Third, Transfair USA and SAAS’s partnership is also groundbreaking in that they are working together to make it easier for factories to demonstrate compliance with ethical standards. Ethical compliance auditing processes can be cumbersome and many manufacturing facilities are reporting “audit fatigue” as a result of having to complete multiple audits per year for different agencies. Transfair USA and SAAS’s efforts to integrate their auditing process will help alleviate some of this pressure.

This type of partnership between Transfair USA and SAAS will hopefully generate a ripple effect in the third-party product certification space. Will we see more certifying bodies joining forces to harmonize standards and auditing processes? Or will consumers continue to have to wade through multiple certifications and try to decipher which ones are better? Reeve looks forward to seeing how this will influence other agencies and maybe one day Transfair Canada will partner with someone like SAAS and bring Fair Trade Certified clothing to our stores.

Click here for more information on this partnership.

Environmental Purchasing “Torch” passes to Sochi 2014

Flickr / thelastminute

The Organizing Committee for the Sochi 2014 Winter Olympic Games seems poised to continue the strong legacy of ethical and environmental purchasing within the Olympic community. Organizers for the Sochi Games are currently working with a team of strategic advisors to design an environmental procurement program that will result in a 2014 Winter Games with less waste and lower GHG emissions. Sochi has been particularly interested in the Vancouver 2010 Buy Smart program, an ethical and sustainable purchasing program that Reeve helped design and implement, which was recognized as setting a new bar for Olympic purchasing programs.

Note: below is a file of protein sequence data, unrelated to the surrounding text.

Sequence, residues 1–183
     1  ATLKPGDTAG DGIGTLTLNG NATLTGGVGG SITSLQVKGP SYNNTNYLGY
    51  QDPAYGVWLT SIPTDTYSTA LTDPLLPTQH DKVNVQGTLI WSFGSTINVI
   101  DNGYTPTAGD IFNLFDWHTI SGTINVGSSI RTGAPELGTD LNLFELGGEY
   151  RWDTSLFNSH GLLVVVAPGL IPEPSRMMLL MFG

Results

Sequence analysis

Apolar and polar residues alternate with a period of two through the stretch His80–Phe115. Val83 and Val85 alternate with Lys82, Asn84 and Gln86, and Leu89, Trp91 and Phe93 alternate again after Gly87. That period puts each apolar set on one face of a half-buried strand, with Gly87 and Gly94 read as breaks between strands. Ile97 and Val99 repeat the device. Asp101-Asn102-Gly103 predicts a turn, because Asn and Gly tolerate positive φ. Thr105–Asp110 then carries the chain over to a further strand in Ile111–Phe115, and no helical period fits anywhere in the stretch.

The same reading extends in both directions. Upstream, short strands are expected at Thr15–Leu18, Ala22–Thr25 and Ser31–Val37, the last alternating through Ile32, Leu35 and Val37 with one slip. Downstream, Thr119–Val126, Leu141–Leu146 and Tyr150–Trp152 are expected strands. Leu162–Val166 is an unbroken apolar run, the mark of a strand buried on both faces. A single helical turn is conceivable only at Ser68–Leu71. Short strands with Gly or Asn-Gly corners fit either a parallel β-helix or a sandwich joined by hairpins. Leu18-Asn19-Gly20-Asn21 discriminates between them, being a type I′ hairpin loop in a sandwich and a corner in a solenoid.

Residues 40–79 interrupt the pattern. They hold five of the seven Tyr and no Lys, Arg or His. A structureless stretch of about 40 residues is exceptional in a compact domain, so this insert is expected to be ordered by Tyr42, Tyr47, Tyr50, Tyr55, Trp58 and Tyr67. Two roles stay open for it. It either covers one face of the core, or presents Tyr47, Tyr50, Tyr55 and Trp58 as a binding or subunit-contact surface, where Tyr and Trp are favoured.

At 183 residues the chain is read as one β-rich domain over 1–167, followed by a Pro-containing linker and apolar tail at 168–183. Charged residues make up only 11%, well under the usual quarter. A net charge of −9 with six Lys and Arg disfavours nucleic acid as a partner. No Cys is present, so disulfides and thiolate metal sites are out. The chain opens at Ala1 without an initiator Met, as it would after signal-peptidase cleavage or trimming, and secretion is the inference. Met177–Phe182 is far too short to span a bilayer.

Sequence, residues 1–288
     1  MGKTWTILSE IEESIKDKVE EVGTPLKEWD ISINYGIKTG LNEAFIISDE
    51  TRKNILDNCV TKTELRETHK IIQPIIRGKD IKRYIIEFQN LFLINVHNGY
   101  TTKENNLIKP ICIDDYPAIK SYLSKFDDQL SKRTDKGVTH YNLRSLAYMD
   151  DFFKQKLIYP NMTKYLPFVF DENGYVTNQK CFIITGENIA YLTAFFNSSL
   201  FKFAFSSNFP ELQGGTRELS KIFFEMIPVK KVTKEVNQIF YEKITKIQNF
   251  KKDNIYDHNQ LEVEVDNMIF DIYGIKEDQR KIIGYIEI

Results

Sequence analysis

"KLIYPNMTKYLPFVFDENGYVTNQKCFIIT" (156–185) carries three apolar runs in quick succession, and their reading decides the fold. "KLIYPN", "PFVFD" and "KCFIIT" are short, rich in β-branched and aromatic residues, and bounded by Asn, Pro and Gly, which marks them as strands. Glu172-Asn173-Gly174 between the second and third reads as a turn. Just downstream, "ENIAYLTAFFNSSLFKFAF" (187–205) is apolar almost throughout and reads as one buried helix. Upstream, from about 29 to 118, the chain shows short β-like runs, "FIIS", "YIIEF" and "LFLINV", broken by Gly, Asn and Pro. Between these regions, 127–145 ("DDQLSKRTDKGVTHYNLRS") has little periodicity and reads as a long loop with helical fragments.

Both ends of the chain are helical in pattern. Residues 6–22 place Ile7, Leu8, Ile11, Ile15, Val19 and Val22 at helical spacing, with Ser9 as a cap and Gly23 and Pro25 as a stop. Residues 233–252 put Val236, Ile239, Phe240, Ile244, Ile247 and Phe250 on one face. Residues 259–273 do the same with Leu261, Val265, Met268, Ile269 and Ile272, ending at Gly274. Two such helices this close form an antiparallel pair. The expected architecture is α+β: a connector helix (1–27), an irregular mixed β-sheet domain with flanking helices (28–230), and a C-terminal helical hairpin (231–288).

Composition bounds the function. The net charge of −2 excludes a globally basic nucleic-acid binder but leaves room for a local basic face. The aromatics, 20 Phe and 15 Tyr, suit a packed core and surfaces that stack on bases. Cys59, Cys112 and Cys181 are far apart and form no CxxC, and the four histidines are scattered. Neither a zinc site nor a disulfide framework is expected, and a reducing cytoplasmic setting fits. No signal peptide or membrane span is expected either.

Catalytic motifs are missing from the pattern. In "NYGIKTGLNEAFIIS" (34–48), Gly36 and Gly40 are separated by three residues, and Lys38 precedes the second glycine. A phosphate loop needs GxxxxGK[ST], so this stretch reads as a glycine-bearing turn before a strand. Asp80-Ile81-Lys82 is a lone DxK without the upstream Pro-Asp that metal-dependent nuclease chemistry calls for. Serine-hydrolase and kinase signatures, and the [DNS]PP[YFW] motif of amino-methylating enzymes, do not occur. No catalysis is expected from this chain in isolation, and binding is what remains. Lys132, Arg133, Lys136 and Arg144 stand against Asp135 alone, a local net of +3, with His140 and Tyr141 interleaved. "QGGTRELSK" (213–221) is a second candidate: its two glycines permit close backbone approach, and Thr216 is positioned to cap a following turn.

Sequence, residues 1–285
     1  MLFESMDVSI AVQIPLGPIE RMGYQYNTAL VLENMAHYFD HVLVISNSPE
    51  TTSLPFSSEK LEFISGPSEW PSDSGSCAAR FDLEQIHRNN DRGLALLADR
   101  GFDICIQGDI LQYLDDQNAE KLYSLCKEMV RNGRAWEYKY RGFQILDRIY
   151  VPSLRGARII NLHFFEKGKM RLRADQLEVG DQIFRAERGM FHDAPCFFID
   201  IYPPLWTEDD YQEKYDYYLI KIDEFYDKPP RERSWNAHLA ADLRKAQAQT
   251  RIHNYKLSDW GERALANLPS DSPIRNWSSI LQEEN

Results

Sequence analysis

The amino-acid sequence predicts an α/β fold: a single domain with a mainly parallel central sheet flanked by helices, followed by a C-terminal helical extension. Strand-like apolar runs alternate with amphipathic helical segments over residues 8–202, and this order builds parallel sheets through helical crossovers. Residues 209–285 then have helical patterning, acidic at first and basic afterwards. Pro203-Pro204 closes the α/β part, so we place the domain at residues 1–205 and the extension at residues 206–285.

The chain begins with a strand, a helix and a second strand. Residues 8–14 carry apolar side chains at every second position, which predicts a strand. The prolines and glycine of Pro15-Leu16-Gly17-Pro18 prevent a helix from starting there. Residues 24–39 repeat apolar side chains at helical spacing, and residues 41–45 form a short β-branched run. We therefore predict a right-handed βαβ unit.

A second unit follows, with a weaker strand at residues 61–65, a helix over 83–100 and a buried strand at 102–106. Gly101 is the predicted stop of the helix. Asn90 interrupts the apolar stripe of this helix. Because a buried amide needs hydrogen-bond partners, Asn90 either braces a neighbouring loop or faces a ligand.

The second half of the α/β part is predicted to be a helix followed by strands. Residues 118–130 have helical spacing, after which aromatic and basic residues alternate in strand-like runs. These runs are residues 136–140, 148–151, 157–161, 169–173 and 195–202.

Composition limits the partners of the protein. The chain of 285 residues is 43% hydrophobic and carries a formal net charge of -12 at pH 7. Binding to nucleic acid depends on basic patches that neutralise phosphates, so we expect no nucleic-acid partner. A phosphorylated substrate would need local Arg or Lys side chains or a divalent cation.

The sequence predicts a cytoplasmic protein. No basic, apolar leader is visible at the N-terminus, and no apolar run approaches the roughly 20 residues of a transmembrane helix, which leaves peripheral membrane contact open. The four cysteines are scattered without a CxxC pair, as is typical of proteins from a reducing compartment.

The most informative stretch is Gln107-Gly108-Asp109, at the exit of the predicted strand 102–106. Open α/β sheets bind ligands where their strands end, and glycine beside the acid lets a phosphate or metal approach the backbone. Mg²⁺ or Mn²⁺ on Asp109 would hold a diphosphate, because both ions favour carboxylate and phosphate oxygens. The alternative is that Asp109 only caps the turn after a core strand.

Reeve has partnered with Shaneco, a Russian environmental consulting firm, to create an Environmental Procurement Policy (EPP) for Sochi 2014. The draft EPP has been designed to foster procurement practice that is in harmony with nature, is climate neutral, minimizes waste, and enlightens the suppliers of the Sochi region as well as the broader community. Dmitriy Kolosov, head of Environmental Programming for the Sochi 2014 Organizing Committee, stressed that it is imperative to use the high profile of the Winter Games to “enlighten” the Russian supplier community in order to have a lasting, positive impact on the natural environment of the Sochi region.

So far it has really been the Organizing Committee’s, such as Vancouver 2010 and London 2012, who have really led the way within the Olympic community at increasing the uptake of ethical and environmental procurement. It is interesting to note a comment made by Derek Wyatt, Chair of the All Party Parliamentary London 2012 Olympic and Paralympic Group. At the Sports, Legacy and Sustainability Dialogue, held during the Paralympic Winter Games in Vancouver, Wyatt talked candidly about the need for the International Olympic Committee (IOC) to offer greater commitment to ensuring an environmental sustainability legacy in Host Cities. In his opinion, OCOGs and Host Cities carry the environmental sustainability agenda with little support from the IOC.